Some scientists believe gain-of-function mutation experiments could be extremely valuable in understanding the potential risks we face from wild influenza strains, but only if they are done right. Dormitzer says that a careful and thoughtful examination of the issue could lead to processes that make gain-of-function mutation research with viruses safer.

But in the meantime, the moratorium stifled some research into influenzas — and coronaviruses.

The National Academy of Science whipped up some new guidelines, and in December of 2017, the call went out: GOF studies could apply to be funded again. A panel formed by Health and Human Services (HHS) would review applications and make the decision of which studies to fund.

As of right now, only Kawaoka and Fouchier's studies have been approved, getting the green light last winter. They are resuming where they left off.

Pandora's locks: how to contain gain-of-function flu

Here's the thing: the work is indeed potentially dangerous. But there are layers upon layers of safety measures at both Fouchier's and Kawaoka's labs.

"You really need to think about it like an onion," says Rebecca Moritz of the University of Wisconsin-Madison. Moritz is the select agent responsible for Kawaoka's lab. Her job is to ensure that all safety standards are met and that protocols are created and drilled; basically, she's there to prevent viruses from escaping. And this virus has some extra-special considerations.

The specific H5N1 strain Kawaoka's lab uses is on a list called the Federal Select Agent Program. Pathogens on this list need to meet special safety considerations. The GOF experiments have even more stringent guidelines because the research is deemed "dual-use research of concern."

There was debate over whether Fouchier and Kawaoka's work should even be published.

"Dual-use research of concern is legitimate research that could potentially be used for nefarious purposes," Moritz says. At one time, there was debate over whether Fouchier and Kawaoka's work should even be published.

While the insights they found would help scientists, they could also be used to create bioweapons. The papers had to pass through a review by the U.S. National Science Board for Biosecurity, but they were eventually published.

Intentional biowarfare and terrorism aside, the gain-of-function mutation flu must be contained even from accidents. At Wisconsin, that begins with the building itself. The labs are specially designed to be able to contain pathogens (BSL-3 agricultural, for you Inside Baseball types).

They are essentially an airtight cement bunker, negatively pressurized so that air will only flow into the lab in case of any breach — keeping the viruses pushed in. And all air in and out of the lap passes through multiple HEPA filters.

Inside the lab, researchers wear special protective equipment, including respirators. Anyone coming or going into the lab must go through an intricate dance involving stripping and putting on various articles of clothing and passing through showers and decontamination.

And the most dangerous parts of the experiment are performed inside primary containment. For example, a biocontainment cabinet, which acts like an extra high-security box, inside the already highly-secure lab (kind of like the radiation glove box Homer Simpson is working in during the opening credits).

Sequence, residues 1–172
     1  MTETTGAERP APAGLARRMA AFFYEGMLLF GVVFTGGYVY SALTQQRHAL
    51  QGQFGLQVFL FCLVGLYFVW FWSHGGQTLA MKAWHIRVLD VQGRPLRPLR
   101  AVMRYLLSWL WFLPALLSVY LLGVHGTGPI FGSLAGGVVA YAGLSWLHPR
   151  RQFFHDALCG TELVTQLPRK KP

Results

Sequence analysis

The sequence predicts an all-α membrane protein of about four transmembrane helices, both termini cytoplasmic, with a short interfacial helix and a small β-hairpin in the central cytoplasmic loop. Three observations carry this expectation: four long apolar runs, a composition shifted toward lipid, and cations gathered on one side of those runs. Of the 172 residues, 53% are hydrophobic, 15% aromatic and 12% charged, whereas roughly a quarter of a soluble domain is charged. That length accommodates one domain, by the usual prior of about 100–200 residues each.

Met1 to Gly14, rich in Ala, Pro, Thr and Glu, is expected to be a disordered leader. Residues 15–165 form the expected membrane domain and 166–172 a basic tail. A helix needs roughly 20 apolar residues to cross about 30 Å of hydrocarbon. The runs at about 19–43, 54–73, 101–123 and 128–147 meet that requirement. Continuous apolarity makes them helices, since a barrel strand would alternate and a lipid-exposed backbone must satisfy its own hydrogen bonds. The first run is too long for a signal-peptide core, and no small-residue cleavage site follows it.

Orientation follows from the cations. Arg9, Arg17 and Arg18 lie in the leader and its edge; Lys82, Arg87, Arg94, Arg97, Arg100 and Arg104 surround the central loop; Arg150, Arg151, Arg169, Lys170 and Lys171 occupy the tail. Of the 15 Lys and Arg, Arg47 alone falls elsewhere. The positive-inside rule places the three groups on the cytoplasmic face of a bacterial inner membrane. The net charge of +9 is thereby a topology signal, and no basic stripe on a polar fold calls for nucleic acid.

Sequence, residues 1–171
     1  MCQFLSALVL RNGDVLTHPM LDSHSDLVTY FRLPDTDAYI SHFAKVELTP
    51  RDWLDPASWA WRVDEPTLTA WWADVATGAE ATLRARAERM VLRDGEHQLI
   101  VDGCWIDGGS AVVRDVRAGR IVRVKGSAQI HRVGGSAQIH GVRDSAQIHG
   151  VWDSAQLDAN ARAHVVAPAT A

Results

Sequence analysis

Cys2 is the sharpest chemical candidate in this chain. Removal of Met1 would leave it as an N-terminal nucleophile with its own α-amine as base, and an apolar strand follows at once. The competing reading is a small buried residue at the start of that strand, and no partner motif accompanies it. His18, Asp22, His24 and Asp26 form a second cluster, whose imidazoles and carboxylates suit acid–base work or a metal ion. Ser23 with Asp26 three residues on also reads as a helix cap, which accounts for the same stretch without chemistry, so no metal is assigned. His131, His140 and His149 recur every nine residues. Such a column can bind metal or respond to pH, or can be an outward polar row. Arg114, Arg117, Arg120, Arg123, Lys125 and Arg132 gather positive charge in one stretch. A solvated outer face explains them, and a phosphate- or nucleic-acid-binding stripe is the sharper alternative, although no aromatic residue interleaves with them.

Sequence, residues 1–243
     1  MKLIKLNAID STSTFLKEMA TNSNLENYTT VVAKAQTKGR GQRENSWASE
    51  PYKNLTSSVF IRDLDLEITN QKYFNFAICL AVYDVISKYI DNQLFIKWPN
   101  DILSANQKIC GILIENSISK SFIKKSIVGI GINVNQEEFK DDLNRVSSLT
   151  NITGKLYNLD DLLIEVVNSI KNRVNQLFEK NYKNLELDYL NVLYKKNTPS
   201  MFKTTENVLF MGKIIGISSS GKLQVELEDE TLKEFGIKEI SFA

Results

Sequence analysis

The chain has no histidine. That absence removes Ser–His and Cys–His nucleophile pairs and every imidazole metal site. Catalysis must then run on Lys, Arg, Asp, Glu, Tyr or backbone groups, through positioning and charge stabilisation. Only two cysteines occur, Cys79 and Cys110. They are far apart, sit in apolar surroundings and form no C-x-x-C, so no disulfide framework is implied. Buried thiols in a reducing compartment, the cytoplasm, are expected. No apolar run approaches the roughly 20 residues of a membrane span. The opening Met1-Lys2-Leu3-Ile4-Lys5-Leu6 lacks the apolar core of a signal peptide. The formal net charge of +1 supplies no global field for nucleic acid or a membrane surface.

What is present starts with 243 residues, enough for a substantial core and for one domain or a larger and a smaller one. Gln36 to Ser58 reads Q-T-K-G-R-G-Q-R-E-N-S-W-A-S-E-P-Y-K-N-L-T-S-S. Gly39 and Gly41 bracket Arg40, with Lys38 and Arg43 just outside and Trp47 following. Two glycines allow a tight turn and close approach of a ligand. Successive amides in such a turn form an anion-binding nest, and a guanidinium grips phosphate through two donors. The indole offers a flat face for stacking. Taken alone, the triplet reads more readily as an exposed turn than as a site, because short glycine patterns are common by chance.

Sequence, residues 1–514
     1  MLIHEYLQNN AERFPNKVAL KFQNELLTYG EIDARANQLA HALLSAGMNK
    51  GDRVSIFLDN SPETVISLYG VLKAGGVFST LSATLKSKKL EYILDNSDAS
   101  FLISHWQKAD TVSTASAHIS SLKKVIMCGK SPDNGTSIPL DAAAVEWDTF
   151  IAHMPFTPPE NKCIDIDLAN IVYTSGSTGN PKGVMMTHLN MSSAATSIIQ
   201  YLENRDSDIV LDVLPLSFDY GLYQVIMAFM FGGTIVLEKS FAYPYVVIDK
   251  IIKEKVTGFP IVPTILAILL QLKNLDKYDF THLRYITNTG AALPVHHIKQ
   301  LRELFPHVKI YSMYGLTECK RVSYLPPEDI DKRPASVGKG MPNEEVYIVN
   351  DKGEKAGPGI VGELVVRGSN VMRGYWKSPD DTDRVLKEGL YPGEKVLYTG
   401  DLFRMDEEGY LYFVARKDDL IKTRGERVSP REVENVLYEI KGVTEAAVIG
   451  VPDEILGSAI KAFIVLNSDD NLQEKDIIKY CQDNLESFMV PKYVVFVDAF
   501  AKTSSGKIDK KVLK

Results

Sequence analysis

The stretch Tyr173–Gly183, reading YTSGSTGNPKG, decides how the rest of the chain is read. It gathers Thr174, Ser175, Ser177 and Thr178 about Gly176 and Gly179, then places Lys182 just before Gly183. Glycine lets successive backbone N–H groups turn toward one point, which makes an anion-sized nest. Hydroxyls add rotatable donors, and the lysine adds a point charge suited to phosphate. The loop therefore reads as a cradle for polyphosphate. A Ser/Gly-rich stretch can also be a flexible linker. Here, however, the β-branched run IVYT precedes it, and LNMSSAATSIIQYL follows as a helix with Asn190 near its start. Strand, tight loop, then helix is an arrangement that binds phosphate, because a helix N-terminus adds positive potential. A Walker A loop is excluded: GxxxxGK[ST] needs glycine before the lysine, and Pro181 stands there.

"Many people behind the institution are working to make sure this research can be done safely and securely." — REBECCA MORITZ

The Federal Select Agent program can come and inspect you at any time with no warning, Moritz says. At the bare minimum, the whole thing gets shaken down every three years.

There are numerous potential dangers — a vial of virus gets dropped; a needle prick; a ferret bite — but Moritz is confident that the safety measures and guidelines will prevent any catastrophe.

"The institution and many people behind the institution are working to make sure this research can be done safely and securely," Moritz says.

No human harm has come of the work yet, but the potential for it is real.

"Nature will continue to do this"

They were dead on the beaches.

In the spring of 2014, another type of bird flu, H10N7, swept through the harbor seal population of northern Europe. Starting in Sweden, the virus moved south and west, across Denmark, Germany, and the Netherlands. It is estimated that 10% of the entire seal population was killed.

The virus's evolution could be tracked through time and space, Fouchier says, as it progressed down the coast. Natural selection pushed through gain-of-function mutations in the seals, similarly to how H5N1 evolved to better jump between ferrets in his lab — his lab which, at the time, was shuttered.

"We did our work in the lab," Fouchier says, with a high level of safety and security. "But the same thing was happening on the beach here in the Netherlands. And so you can tell me to stop doing this research, but nature will continue to do this day in, day out."

Critics argue that the knowledge gained from the experiments is either non-existent or not worth the risk; Fouchier argues that GOF experiments are the only way to learn crucial information on what makes a flu virus a pandemic candidate.

"If these three traits could be caused by hundreds of combinations of five mutations, then that increases the risk of these things happening in nature immensely," Fouchier says.

"With something as crucial as flu, we need to investigate everything that we can," Fouchier says, hoping to find "a new Achilles' heel of the flu that we can use to stop the impact of it."